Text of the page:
HIV Risk Behaviors among African American Women with at-Risk Male Partners
- *Corresponding Author:
- Keisha Paxton
California State University
Dominguez Hills, Carson, CA, USA
E-mail: [email protected]
- John K. Williams
Department of Psychiatry & Biobehavioral Sciences
Semel Institute for Neuroscience & Human Behavior
University of California, Los Angeles (UCLA), USA
E-mail: [email protected]
Received Date: June 04, 2013; Accepted Date: July 19, 2013; Published Date: July 25, 2013
Citation: Paxton KC, Williams JK, Bolden S, Guzman Y, Harawa NT (2013) HIV Risk Behaviors among African American Women with at-Risk Male Partners. J AIDS Clin Res 4:221. doi:10.4172/2155-6113.1000221
Copyright: © 2013 Paxton K, et al. This is an open-access article distributed under the terms of the Creative Commons Attribution License, which permits unrestricted use, distribution, and reproduction in any medium, provided the original author and source are credited.
Background: HIV continues to impact African American women at alarming rates. Yet, few researchers have examined the relationship factors promoting unprotected sex within African American communities, especially instances in which women are aware that their male partners are engaging in high risk behaviors. This qualitative study explored the sexual behaviors, relationship characteristics, and HIV prevention strategies utilized by African American women in relationships with African American men at-risk for HIV.
Method: To understand the issues that should be addressed in a sexual risk-reduction intervention, data were collected from three, two-hour focus group discussions (n=24) comprised primarily of low-income African American women with histories of at-risk male sex partners. At-risk partners included specifically men who had sex with other men or with transgender individuals, used crack cocaine or injection drugs, had lengthy incarceration periods, or an unknown sexual history. Discussion questions examined external factors affecting sexual risk behaviors such as societal pressures, peer norms, and financial vulnerability. Discussions were audiotaped, transcribed, and analyzed using a consensual qualitative research approach.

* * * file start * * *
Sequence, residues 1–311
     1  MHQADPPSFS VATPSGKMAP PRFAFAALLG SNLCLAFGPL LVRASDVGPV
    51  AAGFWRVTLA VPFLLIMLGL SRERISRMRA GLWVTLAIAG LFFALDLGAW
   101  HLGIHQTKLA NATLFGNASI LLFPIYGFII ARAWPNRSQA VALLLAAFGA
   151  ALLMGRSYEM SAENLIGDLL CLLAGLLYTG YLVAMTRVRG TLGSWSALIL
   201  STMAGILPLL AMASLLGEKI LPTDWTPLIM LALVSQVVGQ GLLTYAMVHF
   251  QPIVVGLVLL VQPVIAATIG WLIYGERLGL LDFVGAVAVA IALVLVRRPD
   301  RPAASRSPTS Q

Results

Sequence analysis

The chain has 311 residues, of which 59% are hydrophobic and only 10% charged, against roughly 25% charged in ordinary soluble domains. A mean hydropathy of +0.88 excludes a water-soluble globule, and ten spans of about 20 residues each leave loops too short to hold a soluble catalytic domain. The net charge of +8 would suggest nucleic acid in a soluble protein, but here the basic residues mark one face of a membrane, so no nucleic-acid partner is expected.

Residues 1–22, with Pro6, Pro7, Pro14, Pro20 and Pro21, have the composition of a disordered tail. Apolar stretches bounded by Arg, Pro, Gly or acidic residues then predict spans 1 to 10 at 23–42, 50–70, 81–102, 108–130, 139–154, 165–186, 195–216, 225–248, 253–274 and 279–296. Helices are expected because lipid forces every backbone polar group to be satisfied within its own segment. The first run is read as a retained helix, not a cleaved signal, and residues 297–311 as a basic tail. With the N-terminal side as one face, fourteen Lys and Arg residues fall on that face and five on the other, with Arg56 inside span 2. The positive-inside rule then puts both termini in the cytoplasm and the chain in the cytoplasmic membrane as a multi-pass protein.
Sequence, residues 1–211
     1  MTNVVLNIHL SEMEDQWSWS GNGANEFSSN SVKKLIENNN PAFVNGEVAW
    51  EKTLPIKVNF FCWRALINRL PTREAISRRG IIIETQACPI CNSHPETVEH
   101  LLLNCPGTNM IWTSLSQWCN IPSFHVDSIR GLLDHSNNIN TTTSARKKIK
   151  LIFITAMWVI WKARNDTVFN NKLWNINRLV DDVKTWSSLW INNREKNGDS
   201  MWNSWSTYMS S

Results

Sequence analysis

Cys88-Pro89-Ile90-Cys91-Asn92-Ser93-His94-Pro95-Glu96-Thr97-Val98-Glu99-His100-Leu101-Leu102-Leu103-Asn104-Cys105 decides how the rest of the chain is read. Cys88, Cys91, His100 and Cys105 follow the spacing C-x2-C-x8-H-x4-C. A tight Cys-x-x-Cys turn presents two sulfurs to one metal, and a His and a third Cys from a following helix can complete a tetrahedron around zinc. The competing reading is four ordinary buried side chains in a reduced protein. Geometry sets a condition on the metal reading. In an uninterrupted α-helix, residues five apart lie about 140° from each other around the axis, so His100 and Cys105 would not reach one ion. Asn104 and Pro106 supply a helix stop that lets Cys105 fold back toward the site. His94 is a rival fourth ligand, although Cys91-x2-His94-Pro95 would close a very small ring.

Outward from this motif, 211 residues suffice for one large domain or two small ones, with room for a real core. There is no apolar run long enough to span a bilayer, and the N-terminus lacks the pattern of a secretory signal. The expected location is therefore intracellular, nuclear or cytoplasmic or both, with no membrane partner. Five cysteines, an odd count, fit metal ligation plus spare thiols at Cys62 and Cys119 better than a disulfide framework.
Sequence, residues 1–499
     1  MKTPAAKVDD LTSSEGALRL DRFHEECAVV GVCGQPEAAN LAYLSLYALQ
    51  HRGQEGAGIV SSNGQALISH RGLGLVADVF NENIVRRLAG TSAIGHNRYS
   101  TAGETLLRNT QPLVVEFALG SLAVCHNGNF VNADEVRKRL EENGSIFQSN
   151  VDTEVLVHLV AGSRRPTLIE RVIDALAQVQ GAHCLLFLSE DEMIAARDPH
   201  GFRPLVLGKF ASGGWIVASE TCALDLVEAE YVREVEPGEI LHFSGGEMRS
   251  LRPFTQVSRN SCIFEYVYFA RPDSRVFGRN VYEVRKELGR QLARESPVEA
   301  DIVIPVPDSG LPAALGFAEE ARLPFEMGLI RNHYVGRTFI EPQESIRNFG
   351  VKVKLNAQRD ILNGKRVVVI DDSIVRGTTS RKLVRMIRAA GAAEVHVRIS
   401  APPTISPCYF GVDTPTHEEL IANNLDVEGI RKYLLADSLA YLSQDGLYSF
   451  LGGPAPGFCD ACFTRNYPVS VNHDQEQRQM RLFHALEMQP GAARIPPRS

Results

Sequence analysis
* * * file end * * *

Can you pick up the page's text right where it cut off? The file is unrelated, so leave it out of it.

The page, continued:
Results: Five themes, including self-esteem, social influences on behavior, relationship fidelity, sexual risk behavior, and partners\' sexual behaviors, were identified as placing women at increased risk for HIV. Reasons for inconsistent condom use included concern for maintaining the relationship and substance use before and during sex. African American women also believed that men who have sex with men and women (MSMW) were dishonest about their sexuality due to stigma towards homosexuality/bisexuality. Despite these challenges, participants indicated that African American women have a strong sense of pride that can positively impact behaviors in relationships.
Conclusion: The findings of this study support that social and contextual factor such as emotional and financial issues, culture, history, and relationship dynamics need to be considered when developing tailored sexual health interventions for this population.